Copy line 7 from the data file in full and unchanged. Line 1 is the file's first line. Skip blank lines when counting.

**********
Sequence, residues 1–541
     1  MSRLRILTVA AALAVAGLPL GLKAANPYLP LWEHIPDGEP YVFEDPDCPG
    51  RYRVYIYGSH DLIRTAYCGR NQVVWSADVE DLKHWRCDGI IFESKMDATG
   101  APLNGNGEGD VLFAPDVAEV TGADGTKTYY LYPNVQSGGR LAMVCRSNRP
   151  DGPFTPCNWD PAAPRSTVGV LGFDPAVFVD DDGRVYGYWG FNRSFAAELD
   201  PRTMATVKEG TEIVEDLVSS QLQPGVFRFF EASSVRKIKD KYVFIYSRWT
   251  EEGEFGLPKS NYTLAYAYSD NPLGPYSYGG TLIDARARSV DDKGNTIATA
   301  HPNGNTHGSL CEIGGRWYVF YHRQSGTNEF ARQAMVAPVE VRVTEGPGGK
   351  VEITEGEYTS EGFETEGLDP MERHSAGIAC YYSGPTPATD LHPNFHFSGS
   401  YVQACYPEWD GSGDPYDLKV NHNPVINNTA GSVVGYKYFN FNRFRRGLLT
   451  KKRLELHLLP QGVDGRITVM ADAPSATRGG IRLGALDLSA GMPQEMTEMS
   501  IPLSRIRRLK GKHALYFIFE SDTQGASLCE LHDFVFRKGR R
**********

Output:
   251  EEGEFGLPKS NYTLAYAYSD NPLGPYSYGG TLIDARARSV DDKGNTIATA